Filipendula ulmaria

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 Filipendula ulmaria subsp. var.  Queen of the meadows, Meadowsweet
Habit: herbaceous
Height: to
Width: to
24in48in 12in18in
Height: 24 in to 48 in
Width: 12 in to 18 in
Lifespan: perennial
Bloom: early summer, mid summer, late summer
Exposure: part-sun
Features: flowers
Hidden fields, interally pass variables to right place
Minimum Temp: °Fwarning.png"°F" is not a number.
USDA Zones: 3 to 9
Sunset Zones:
Flower features: white
Rosaceae > Filipendula ulmaria var. ,

Filipendula ulmaria, commonly known as Meadowsweet, is a perennial herb in the family Rosaceae, which grows in damp meadows. It is native throughout most of Europe and western Asia though it has been introduced and naturalized in North America. Juncus subnodulosus-Cirsium palustre fen-meadow plant associations of Western Europe consistently include this plant.[1]

Meadowsweet has also been referred to as Queen of the Meadow, Pride of the Meadow, Meadow-Wort, Meadow Queen, Lady of the Meadow, Dollof, Meadsweet and Bridewort.

The stems are 1–2 m (3-7 ft) tall, erect and furrowed, reddish to sometimes purple. The leaves are dark green on the upper side and whitish and downy underneath, much divided, interruptedly pinnate, having a few large serrate leaflets and small intermediate ones. Terminal leaflets are large, 4–8 cm long and three to five-lobed.

Meadowsweet has delicate, graceful, creamy-white flowers clustered close together in handsome irregularly-branched cymes, having a very strong, sweet smell. They flower from June to early September.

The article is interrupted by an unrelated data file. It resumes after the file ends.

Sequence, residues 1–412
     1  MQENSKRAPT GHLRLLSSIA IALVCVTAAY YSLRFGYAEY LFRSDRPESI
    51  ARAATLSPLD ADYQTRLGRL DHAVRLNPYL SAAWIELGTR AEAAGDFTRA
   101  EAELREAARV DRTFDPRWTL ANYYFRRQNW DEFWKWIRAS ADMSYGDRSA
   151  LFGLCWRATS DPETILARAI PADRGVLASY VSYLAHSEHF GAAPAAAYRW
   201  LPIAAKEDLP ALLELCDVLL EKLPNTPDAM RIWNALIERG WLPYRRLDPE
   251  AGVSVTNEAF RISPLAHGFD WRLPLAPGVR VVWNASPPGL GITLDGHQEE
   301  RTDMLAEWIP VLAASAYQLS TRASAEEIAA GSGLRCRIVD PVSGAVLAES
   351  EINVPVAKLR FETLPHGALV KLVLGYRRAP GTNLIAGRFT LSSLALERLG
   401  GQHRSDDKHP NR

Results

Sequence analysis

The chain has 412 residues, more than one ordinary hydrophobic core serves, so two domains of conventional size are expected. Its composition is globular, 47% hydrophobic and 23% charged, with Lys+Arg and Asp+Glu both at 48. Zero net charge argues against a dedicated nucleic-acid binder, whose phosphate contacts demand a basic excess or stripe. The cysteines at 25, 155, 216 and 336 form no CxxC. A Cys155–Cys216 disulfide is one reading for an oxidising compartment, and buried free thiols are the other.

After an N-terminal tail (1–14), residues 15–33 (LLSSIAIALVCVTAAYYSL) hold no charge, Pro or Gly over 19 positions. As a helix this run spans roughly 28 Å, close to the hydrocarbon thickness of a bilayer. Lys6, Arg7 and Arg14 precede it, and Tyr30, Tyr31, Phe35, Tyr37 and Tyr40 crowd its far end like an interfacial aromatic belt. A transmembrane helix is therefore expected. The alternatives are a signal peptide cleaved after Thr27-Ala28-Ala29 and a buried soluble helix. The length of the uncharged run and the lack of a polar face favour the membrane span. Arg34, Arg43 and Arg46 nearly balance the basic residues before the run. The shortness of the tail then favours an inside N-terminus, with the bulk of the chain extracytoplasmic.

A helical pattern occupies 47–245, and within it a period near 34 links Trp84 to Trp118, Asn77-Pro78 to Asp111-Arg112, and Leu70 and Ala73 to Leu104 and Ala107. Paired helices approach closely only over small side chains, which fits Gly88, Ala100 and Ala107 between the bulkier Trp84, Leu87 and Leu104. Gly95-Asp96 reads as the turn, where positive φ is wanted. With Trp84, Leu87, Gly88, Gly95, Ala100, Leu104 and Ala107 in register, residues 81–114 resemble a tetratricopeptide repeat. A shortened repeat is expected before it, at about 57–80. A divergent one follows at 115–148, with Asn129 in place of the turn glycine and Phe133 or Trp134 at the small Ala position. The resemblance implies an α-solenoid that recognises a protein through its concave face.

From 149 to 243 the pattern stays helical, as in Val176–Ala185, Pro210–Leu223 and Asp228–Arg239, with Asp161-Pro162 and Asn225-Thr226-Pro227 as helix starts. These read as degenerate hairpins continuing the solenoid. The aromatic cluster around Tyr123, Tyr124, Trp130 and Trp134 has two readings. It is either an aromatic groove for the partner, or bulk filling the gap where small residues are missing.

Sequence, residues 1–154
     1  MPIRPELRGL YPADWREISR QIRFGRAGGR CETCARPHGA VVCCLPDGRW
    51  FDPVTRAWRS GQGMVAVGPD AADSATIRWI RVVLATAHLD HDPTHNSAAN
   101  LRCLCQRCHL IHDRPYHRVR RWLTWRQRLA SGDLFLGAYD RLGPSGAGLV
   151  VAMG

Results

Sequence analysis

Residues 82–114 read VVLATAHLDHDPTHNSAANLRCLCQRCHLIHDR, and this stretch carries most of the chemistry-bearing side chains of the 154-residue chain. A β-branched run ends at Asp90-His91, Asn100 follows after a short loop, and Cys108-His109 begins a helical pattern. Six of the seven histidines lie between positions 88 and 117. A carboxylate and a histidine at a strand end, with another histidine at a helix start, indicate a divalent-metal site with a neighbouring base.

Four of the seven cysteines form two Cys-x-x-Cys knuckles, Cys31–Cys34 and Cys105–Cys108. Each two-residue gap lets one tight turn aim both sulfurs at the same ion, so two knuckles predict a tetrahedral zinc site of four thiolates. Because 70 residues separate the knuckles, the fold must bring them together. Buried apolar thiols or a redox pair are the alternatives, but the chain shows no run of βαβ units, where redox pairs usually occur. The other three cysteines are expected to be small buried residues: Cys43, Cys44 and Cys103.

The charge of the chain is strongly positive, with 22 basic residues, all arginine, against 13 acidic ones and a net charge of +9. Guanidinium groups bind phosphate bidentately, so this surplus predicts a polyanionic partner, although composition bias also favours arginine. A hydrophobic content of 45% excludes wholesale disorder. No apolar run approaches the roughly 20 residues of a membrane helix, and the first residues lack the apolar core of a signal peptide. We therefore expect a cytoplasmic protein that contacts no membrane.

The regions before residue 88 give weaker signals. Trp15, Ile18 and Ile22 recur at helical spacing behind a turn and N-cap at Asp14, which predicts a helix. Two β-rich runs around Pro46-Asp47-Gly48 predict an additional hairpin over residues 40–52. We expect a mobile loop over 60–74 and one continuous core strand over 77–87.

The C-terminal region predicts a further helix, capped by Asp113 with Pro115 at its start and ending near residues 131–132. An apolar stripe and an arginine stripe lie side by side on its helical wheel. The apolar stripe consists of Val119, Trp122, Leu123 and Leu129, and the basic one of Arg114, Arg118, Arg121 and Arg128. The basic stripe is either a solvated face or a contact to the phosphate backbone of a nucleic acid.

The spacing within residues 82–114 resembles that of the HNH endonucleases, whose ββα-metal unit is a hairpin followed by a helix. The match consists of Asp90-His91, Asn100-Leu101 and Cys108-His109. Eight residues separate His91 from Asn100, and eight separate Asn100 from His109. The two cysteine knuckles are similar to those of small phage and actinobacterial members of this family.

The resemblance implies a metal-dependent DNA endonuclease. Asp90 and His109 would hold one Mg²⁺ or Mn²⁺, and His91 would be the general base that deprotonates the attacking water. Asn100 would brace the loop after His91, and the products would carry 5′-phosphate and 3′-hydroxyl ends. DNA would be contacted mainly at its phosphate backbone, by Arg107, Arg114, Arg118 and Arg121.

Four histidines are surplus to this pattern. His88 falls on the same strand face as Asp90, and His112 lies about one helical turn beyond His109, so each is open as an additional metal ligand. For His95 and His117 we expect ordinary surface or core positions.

Meadowsweet leaves are commonly galled by the bright orange rust fungus Triphragmium ulmariae which creates swellings and distortions on the stalk and / or midrib.

Standard Cyclopedia of Horticulture

Ulmaria, Maxim. (Spiraea ulmaria, Linn. Ulmaria pentapetala, Gilib. U. palustris, Moench). Queen of the Meadows. Height 2-6 ft.: lvs. glabrous or puberulous above, whitish tomentose beneath; terminal lfts. 3-5-lobed, 2—4 in. long, lateral lfts. smaller, ovate, coarsely doubly serrate: fls. white, in rather dense paniculate cymes: achenes about 10, semi-cordate, almost glabrous, twisted. June-Aug. Eu., W. Asia to Mongolia; naturalized in some places in the eastern states. B.B. (ed. 2) 2:249. Var. denudata, Maxim. (F. denudata, Rydb.). Lvs. green beneath and nearly glabrous. Var. aureo-variegata, Voss, has the lvs. variegated with yellow. Var. plena, Voss (var. flore-pleno, Hort.). Fls. double. CH

The above text is from the Standard Cyclopedia of Horticulture. It may be out of date, but still contains valuable and interesting information which can be incorporated into the remainder of the article. Click on "Collapse" in the header to hide this text.


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